Shropshire Beekeepers' Association

Newsletter : November 2004


1. Editorial

In item 3 below, there is a reference to the possibility of a much reduced service to beekeepers from the Bee Inspectorate (Regional and Seasonal). The issue was discussed in some detail at the BBKA forum meeting in October. Apparently it stems from the government's plan to reduce the number of civil servants by 200,000 over the next two years or so. This may affect anyone working within a government funded agency including, through DEFRA, the Central Science Laboratory and the National Bee Unit. All these agencies have been required to submit plans showing how they will reduce their workforce to specified target levels.

At the BBKA Forum considerable concern was expressed about the impact of this and the related decision that European Foul Brood should no longer be a notifiable disease. Representatives from the southern counties (who apparently experience EFB much more than we do) were particularly agitated, especially since EFB is quite difficult to diagnose in the field and therefore might spread rapidly if the monitoring provided by Inspectors is withdrawn. A further worrying implication is that without this external expert confirmation of brood diseases in an apiary, it may be much more difficult to make insurance claims for the costs of replacing equipment and restocking colonies that have had to be destroyed. The BBKA Executive was asked to make further representations about the issue at the highest level.

Another topic raised was the lack of detailed guidance available about alternative treatments for varroa. The New Zealand Ministry of Agriculture and Forestry (MAF) published a document in 2001* giving precise instructions for using a wide variety of chemical, biochemical and physical controls, both licensed and unlicensed. There was a widespread feeling in the meeting that our own authorities ought to make something similar available here, especially with the advent of pyrethroid resistant varroa and the fact that support in the field is no longer being provided for treatment.

The new honey labelling regulations were also discussed in the hope that a nationally acceptable format might be established. Unfortunately it appears that this is unlikely at the moment because individual Trading Standards Officers are apparently free to make their own interpretations of the requirements. Both these issues will be pursued further.

*Members can access the document by clicking here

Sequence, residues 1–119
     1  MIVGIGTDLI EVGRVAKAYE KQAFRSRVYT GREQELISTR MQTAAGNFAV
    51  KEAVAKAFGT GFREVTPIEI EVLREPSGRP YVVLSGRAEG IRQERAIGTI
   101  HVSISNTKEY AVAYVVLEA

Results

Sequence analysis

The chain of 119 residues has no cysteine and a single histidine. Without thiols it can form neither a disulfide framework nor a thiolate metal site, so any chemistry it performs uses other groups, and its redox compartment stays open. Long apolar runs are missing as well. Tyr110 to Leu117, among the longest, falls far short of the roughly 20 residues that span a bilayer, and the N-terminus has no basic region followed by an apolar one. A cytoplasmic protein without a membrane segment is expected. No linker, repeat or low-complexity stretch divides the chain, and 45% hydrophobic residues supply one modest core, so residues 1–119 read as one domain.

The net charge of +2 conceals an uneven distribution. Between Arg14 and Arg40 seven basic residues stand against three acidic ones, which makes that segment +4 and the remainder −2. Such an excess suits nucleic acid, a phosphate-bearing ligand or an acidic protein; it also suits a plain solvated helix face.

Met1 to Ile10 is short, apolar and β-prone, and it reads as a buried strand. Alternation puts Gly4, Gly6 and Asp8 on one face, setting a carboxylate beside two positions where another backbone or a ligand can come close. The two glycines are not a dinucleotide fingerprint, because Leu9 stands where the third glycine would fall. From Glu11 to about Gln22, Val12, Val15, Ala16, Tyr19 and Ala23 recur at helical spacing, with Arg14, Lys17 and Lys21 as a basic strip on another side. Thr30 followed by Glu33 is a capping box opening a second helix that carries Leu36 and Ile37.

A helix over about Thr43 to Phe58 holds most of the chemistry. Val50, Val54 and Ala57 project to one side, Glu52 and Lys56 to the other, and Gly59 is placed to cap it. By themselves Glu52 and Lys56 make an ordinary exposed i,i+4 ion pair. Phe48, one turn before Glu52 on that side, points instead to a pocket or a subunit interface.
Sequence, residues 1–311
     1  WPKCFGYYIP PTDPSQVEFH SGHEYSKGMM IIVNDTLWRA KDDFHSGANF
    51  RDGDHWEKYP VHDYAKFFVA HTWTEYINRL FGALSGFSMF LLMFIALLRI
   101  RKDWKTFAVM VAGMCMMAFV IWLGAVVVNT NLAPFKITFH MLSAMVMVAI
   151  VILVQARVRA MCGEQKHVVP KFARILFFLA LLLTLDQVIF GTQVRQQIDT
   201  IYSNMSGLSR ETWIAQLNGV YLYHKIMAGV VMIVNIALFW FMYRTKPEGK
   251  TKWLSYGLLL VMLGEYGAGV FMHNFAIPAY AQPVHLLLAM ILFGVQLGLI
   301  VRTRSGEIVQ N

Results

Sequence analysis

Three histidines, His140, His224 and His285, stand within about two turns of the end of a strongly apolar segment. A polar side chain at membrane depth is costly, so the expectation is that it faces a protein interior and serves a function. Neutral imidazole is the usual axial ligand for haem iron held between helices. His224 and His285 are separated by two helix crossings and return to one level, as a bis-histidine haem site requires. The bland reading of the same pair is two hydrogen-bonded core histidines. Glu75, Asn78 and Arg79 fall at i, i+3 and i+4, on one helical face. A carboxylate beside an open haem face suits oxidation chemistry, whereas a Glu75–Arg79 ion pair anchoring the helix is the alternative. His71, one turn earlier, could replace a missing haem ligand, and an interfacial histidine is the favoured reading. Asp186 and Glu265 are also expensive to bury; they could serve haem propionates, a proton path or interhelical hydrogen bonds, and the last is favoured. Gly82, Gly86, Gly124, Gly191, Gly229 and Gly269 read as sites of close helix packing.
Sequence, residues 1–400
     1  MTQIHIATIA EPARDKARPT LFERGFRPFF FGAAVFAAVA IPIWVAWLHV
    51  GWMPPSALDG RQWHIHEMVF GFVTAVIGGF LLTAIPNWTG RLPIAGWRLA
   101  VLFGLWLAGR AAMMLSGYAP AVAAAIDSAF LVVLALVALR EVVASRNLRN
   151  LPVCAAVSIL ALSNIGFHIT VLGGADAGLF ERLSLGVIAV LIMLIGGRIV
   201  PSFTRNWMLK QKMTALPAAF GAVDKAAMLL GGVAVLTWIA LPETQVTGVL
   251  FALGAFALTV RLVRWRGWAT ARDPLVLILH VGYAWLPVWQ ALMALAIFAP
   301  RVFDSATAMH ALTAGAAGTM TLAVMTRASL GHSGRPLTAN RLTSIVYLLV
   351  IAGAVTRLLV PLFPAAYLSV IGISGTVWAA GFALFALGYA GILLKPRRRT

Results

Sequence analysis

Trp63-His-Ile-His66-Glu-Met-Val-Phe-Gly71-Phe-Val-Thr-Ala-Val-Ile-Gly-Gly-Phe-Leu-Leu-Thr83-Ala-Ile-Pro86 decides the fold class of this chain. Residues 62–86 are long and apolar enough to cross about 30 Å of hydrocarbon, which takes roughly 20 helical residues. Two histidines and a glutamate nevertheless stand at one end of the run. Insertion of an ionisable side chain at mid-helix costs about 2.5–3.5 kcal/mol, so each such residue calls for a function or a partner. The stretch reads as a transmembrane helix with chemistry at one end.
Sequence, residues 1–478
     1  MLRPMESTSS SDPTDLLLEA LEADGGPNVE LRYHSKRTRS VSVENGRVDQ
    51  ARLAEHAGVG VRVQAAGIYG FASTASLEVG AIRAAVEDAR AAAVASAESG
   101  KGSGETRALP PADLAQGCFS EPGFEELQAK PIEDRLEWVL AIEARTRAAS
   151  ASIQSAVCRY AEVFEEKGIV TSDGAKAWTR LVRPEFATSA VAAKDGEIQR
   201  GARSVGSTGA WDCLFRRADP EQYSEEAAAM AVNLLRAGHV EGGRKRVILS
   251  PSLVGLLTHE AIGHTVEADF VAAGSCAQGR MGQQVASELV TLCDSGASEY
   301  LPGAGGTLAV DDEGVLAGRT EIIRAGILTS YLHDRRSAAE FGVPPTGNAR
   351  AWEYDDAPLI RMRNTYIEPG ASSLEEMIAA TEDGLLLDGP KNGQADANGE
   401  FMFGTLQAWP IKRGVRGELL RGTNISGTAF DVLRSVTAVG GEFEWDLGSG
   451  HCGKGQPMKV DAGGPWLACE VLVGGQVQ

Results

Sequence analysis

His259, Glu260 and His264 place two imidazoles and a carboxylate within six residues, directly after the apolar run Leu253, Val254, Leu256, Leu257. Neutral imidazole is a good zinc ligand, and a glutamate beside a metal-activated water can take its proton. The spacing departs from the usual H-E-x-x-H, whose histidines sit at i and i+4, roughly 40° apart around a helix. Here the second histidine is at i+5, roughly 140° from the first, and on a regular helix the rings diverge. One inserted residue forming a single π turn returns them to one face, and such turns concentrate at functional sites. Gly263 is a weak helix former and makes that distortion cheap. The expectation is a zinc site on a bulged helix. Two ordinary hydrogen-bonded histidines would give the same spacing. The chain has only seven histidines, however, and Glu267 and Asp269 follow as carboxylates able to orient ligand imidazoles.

2. Next Meeting

Our next meeting is on 10th November and will consist of a talk by Terry Ashley, who will be talking about bee diseases. It is seeming increasingly likely that the support we have been able to rely on in the past from our Regional and Seasonal Bee Inspectors will be considerably reduced over the next two or three years (see inside for further comment). If this is so, we may all need to become more adept at recognising (and treating) the many diseases that can afflict our bees. This talk could be a first practical step to making us more aware of the significance of the symptoms we may encounter. The venue will be the Rosa Room at Radbrook College (starting at 7.30 p.m.)

The meeting on December 8th will focus on the seasonal activity of candle making as well as offering an opportunity for enjoying some food and wine with our beekeeping friends.


3. October Meeting Report

Last month was our AGM and the usual business was conducted, as listed in the Agenda published previously. Graham Roberson and Tony Little (Chair and Vice-Chair respectively) had stated that they did not wish to be re-elected to office. The grateful thanks of the Association for all their work was appropriately expressed. Ray Green was elected Chair in Graham's place. Two new members were elected to the Committee (Chris Perkins & John Perkins) with the latter also being nominated as Vice-Chair in Tony Little's place. Other previous officers were re-elected but Penny Mungeam (secretary) and Roger Evans (treasurer) both indicated that they would not want to continue in their present posts beyond the coming year. Roger gave his financial report, which showed a healthy surplus of income (4210) over expenditure (3370). He stressed the value of members using the 'Gift Aid' (tax recoverable) route for paying their subscriptions and invited any member not currently doing this to contact him for further information. There was a discussion about creating a new Vice-President post (or posts) to be granted to members who have given long service to the Association. This would require some changes to the current Constitution so the Committee will discuss it further and come back to the membership with further proposals in due course.